Update 2 on our Dig In gardening challenge
Browse main article categories
A month ago I planted some carrots, lettuce, beetroot, tomatoes and squash, courtesy of my free seeds from the BBC Dig In challenge.
The aim of Dig In is to encourage everyone to grow their own. It’s all about getting stuck in and having a go, regardless of experience, time and garden size.
The seeds sent out to people were chosen because all crops do well in pots. So I’ve followed their instructions to the letter and now it’s time to report back!
Beetroot has been my greatest success with every seedling looking healthy and strong.
Every seed I sowed, germinated and has grown well. These are in pots of compost (normally I would grow in the ground), but they are looking robust and very happy.
I would say that half of the carrot seeds have germinated. Mr Green made a huge pot from old floorboards and I filled it with one third garden soil, one third horticultural sand and one third compost.
The seedlings that have sprouted are looking happy, but are small. Yesterday I planted more for a successional crop.
I sowed around 22 lettuce seeds and have three tiny lettuces poking their heads through the soil. I’m not sure why I had such a high failure rate – they are grown in a raised bed containing a mix of garden soil and compost. Still, if these three lettuces grow and are delicious then there is no great loss!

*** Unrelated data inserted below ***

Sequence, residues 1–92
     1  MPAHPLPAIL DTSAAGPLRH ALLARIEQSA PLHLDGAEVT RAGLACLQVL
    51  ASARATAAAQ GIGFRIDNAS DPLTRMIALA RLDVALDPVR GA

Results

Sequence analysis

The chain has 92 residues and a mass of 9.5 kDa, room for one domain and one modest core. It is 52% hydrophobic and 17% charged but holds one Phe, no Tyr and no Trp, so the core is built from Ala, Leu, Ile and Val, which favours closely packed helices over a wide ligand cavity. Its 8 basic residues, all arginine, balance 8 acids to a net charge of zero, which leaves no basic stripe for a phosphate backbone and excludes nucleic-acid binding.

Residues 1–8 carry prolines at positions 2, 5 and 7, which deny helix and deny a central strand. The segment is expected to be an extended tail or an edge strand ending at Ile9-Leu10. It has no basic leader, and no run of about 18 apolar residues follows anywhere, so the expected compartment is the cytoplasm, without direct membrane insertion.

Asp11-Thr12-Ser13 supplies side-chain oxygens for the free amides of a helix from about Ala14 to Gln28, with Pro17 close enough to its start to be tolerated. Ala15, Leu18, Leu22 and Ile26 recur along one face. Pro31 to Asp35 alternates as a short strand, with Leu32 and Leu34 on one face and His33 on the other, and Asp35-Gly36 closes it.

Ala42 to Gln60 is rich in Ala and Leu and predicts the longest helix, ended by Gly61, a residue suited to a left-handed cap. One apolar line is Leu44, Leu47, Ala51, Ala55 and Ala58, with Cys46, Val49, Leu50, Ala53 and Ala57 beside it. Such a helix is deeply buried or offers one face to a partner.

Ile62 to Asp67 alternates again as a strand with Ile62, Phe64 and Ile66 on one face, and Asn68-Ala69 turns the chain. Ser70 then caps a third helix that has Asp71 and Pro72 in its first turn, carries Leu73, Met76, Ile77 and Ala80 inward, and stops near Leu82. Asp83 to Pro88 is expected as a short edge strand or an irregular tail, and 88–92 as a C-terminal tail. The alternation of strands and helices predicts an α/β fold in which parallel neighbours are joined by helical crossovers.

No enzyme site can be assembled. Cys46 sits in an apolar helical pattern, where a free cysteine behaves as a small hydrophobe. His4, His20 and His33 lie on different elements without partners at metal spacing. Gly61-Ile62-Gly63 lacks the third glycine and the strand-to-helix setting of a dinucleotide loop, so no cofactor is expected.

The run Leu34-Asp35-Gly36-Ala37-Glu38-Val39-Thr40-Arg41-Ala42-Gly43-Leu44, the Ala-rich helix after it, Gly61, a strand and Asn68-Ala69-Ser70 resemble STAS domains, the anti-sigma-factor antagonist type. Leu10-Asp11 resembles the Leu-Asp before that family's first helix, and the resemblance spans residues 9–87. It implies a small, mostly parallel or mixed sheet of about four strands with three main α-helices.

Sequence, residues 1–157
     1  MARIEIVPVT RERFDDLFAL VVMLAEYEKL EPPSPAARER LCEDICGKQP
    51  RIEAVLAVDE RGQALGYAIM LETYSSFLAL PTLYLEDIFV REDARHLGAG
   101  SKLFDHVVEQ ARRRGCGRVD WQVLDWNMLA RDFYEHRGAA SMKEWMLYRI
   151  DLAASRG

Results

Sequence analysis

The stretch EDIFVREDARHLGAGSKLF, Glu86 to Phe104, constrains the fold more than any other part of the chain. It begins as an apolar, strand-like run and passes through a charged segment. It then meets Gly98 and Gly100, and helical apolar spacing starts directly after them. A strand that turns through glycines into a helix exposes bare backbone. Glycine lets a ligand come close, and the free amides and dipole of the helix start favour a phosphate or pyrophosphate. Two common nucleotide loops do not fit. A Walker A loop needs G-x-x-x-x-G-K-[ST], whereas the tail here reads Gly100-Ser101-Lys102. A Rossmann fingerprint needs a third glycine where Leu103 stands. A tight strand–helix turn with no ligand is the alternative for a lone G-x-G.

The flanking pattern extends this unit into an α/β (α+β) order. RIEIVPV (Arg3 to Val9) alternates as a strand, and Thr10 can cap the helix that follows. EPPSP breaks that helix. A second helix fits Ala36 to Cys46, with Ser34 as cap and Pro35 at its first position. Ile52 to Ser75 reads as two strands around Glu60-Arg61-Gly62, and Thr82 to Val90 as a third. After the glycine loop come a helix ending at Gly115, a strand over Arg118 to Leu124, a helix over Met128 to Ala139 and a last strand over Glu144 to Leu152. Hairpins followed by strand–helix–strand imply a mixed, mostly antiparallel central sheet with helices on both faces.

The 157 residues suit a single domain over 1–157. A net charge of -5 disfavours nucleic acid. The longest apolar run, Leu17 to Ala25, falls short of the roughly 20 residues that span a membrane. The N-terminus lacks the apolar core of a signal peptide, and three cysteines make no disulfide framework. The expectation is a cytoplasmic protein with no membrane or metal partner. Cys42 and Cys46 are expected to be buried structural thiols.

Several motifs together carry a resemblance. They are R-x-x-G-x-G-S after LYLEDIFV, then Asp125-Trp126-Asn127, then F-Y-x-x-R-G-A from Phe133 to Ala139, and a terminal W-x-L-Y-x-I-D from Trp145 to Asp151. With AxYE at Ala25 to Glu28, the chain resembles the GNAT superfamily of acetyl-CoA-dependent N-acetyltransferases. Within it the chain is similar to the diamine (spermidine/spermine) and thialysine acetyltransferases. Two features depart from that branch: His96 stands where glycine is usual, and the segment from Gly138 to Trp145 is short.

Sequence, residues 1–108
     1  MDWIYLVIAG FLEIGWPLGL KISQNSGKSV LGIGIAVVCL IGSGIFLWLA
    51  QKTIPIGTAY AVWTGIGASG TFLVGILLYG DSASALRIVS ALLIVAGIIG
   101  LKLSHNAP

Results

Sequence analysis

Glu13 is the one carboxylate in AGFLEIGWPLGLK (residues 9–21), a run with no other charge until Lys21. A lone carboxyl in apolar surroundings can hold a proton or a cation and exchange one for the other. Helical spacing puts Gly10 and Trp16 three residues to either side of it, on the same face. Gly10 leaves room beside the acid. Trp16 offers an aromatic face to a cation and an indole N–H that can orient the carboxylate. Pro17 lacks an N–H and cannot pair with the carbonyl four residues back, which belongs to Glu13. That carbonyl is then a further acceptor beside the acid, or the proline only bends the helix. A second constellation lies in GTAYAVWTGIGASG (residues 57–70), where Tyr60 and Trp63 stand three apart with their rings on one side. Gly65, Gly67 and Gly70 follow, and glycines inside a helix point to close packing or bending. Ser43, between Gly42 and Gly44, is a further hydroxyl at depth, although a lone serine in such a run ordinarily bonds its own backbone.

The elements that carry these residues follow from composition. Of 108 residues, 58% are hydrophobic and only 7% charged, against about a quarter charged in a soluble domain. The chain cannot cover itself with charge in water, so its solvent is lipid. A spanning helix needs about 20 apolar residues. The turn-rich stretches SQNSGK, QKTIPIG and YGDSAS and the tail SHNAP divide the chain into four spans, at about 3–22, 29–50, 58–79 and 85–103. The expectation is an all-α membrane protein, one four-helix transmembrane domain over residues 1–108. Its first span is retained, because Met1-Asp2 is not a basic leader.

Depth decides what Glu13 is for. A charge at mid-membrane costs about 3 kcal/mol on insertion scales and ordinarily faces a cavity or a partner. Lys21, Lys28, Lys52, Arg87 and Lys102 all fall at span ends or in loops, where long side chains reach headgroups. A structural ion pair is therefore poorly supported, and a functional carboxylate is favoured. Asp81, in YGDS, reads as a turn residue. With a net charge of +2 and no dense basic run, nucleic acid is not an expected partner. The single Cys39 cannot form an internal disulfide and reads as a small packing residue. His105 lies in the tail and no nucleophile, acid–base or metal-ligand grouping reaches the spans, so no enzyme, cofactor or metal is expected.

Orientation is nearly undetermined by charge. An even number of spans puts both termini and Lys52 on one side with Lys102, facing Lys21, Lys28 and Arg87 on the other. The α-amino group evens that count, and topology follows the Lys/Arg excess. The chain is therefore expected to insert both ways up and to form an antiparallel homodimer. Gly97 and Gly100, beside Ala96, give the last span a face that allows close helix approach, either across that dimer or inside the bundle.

I planted three seeds and only one grew. It’s now been transplanted to a large pot filled with garden soil and compost. I’ve never grown squash before so this is a first for me. Apparently they are thirsty plants, so I’ve been giving it lots of water and love. It looks very happy and is growing well; enjoying its new space.
I planted 6 tomato seeds and have four plants. They look healthy, but small. I have now transplanted 2 of them into a large, compost-filled pot and popped one into the ground to see how it does. The remaining one is still in its original pot as it is quite small.
All in all things are going well. I’m delighted with the beetroot; espeically as they are one of my favourite vegetables and I’m looking forward to tasting my first ever home-grown carrot!
One of the tips from the BBC Dig In campaign this week was: Tomatoes that have grown spindly can be helped to develop strong roots by burying their stalk up to the first set of leaves.